2017-09-25 03:22:59 EDT
Ringneck Energy has begun construction on a South Dakota ethanol plant that will have an initial annual capacity of 80 million gal, CEO Walt Wendland said Monday.
“We are continuing to do some of the finishing up on the elevations for the buildings and getting final engineering done for those now,” Wendland told OPIS of the work that began last month. “Things are going ahead.”
“We had our bank closing two weeks ago, so everything is in place,” he said, adding that the company expects the plant to be finished by November 2018, weather permitting.
“We are hoping for the best when it comes to the winter, Wendland said. “We generally don’t get a lot of snow out here, so it might not be too bad.
“We are trying to get as much cement in the ground as we can before the end of the year,” he added.
The plant’s price tag is approximately $150 million.
The company has said that it plans to expand the plant eventually to 100 million gal, but Wendland said the exact time of that is undetermined.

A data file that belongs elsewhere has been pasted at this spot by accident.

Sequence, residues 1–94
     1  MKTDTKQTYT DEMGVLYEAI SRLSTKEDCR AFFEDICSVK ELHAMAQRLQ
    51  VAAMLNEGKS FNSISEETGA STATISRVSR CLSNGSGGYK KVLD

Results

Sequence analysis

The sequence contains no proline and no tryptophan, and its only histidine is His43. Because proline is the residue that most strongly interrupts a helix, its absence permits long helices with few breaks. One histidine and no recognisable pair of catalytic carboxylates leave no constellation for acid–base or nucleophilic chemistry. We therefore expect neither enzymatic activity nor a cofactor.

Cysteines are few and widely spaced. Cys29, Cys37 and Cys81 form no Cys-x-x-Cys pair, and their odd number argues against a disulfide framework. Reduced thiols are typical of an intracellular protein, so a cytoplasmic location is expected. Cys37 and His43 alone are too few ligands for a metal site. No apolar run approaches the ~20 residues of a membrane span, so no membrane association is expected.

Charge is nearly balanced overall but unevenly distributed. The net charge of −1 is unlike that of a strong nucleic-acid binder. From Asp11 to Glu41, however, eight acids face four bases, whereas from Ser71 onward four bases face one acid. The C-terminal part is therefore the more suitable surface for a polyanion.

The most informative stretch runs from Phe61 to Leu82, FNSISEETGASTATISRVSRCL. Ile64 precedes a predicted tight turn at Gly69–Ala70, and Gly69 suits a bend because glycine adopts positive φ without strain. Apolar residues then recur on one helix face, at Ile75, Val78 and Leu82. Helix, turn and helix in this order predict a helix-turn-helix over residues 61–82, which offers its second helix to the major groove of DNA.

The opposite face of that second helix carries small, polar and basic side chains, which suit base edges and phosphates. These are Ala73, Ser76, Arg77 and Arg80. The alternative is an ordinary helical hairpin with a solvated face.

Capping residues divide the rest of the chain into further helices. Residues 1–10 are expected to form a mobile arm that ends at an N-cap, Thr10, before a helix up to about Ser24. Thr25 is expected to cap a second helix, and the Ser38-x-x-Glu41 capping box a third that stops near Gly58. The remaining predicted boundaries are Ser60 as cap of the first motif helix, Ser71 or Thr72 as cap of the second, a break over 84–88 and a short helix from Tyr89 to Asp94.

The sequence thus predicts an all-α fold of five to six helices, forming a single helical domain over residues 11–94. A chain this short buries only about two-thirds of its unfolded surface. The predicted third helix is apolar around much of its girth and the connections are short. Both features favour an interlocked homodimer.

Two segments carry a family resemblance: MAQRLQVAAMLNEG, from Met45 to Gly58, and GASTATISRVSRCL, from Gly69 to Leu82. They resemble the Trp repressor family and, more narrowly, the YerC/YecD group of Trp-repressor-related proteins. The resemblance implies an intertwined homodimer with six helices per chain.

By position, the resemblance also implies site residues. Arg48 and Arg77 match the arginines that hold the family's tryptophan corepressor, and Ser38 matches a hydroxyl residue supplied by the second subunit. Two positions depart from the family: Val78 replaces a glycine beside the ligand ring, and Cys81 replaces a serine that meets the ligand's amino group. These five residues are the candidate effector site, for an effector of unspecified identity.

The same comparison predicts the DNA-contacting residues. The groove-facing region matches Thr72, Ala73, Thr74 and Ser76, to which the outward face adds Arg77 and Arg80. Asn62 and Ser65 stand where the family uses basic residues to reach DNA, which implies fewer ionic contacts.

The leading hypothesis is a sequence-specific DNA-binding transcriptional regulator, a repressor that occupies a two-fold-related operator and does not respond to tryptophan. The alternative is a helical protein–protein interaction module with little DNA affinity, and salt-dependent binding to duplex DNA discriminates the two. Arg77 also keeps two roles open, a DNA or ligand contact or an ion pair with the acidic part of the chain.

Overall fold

“It looks like I am going to have to let economics kind of decide when that happens,” he said.
In the meantime, crews have completed nearly all rail construction at the site, according to the company, and an agreement has been reached with the Sully County Rail Authority for a $3.55 million loan for extension of rail to Ringneck’s site.
Initially, it said, it anticipates annual production of approximately 212,500 tons of distiller’s grains and 12.5 million pounds of corn oil.
The plant will create demand for 25 million bu of corn annually, according to the company, with the potential to grind up to 35 million bu. The facility will draw corn from a 13-county region in the state.
Investors include about 175 individuals and businesses in nine states, most in the Midwest corn belt, Ringneck said, “as well as a strong list of industry partners and major investors,” including Granite Falls Energy, Lake Area Corn Processors (dba Dakota Ethanol), Chippewa Valley Ethanol Cooperative, Sukup Manufacturing, ICM, Oahe Grain Corp. and the South Dakota Corn Growers Association.
Plans call for 40 full-time employees.
–Michael Schneider, email@example.com
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